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Re: Biometrics with perl

by Albannach (Prior)
on Oct 03, 2004 at 14:41 UTC ( #396011=note: print w/ replies, xml ) Need Help??


in reply to Biometrics with perl

For another option, NEUROtechnologija has both Windows and Linux SDKs for a variety of fingerprint hardware devices. I have no personal experience with these products however.

For the roll-your-own option, perhaps you could look into more conventional image duplicate-finding approaches, some of which have been discussed here, e.g. by BrowserUk, though you'd need access to the raw scanner images, and have to experiment with the comparison to see if it can be tuned to be sensitive enough to find a reasonably small number of matches without deciding that all fingerprints in your database are matches. I'd think you'd use the fingerprint only as a first identifier, then prompt for a password, so the fingerprint tool need only narrow down your ID to a small number of potential matches in your database, not a single person.

Finally, as interesting as I find the problem, I must say I have serious doubts about biometrics, both in ethical and practical senses. For starters, even in my personal circle of friends and relatives I can count half a dozen missing digits. Then there is the recent suggestion that fingerprints are not so easy to accurately compare as has been thought (and indeed haven't really been properly investigated), and the now famous gelatine hack. Perhaps something like a hardware key would be easier and safer to implement in your instance?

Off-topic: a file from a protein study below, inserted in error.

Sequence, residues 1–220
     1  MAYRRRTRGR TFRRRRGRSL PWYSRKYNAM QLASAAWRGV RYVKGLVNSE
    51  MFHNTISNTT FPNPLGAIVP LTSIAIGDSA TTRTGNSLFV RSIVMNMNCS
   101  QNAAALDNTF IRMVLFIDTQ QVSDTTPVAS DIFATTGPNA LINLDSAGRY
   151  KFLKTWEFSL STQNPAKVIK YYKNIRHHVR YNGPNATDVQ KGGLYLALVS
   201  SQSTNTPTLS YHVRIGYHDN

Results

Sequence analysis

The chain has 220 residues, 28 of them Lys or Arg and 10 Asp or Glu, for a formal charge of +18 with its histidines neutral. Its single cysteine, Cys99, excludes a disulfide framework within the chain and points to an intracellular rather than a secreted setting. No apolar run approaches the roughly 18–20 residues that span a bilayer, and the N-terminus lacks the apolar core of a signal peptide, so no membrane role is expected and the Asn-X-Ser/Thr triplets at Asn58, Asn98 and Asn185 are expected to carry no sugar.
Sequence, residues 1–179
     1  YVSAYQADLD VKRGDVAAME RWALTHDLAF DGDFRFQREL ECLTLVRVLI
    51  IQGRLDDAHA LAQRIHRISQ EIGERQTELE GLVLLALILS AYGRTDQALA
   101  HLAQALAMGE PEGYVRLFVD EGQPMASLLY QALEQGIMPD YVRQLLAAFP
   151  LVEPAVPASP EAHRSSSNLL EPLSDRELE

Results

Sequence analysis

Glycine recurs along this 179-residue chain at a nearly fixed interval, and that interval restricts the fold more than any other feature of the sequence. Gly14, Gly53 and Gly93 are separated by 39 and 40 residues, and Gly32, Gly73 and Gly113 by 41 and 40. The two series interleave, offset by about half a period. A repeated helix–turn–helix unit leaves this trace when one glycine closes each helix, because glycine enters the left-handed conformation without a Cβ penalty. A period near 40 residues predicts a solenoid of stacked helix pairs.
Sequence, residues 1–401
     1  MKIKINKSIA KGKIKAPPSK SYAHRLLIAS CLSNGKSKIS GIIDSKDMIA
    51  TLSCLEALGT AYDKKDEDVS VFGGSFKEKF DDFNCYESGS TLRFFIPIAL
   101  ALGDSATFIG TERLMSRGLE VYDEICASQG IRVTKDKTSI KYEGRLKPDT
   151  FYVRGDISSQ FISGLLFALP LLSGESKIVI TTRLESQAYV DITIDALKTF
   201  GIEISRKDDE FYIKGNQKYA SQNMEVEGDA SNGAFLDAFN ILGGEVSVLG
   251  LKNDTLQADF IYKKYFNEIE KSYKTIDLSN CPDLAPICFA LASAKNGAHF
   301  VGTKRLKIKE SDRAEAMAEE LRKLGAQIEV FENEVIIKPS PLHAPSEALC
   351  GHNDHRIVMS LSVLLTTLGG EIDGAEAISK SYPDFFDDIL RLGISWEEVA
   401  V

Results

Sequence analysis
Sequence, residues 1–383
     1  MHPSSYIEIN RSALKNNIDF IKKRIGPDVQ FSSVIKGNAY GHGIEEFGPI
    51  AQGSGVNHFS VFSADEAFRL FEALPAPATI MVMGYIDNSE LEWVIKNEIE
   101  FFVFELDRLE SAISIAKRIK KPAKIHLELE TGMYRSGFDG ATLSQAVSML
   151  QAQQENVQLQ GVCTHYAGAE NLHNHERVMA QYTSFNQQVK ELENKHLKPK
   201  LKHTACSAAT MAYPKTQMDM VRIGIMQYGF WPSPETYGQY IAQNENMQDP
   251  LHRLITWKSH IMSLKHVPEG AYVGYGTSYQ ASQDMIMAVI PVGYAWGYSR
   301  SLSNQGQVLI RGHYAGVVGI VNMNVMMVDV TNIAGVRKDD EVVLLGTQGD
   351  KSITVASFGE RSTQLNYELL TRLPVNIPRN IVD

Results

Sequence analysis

--
I'd like to be able to assign to an luser


Comment on Re: Biometrics with perl
Re^2: Biometrics with perl
by TedPride (Priest) on Oct 03, 2004 at 22:08 UTC
    Any passive security system can by bypassed given enough time, effort, and money. The object is just to make the cost of bypassing security higher than the gain, and unless you're doing high-stakes research or DoD work, a simple fingerprint / password system should be sufficient. Possible improvements might include:

    Finger temperature scan and/or blood gas reading (former might be faked by warming gelatin, latter is much harder to)

    Automatic digital photograph of the finger as it comes close to the scanner (if it looks odd, it's gelatin or has been cut off)

    Weight plate (place feet here, test for weigh within x pounds of last scan with same fingerprint and pass)

    Retinal scan (though if you have one, why do fingerprint?)

      I certainly agree that anything can be broken, but I am particuarly wary of complex bleeding-edge (if you will) technology systems that appear to improve things (in this case security, but that isn't the only case), but really serve more to hide insecurities behind flash and sizzle.

      Just to extend the argument a bit more:

      • finger temperature scan - pointless as skin surface temperature is most certainly not constant enough in any individual to be useful as even a partial identifier
      • blood gas reading - perhaps harder to fake, but why bother when like temperature, it too is not going to be consistent enough in a single user (did you have a beer at lunch?)
      • automatic digital photograph of the finger as it comes close to the scanner - now there's some cool AI: first step, see if you can tell a moving finger from a moving sausage reliably in real time. Better attack: mount the gelatin on a real finger.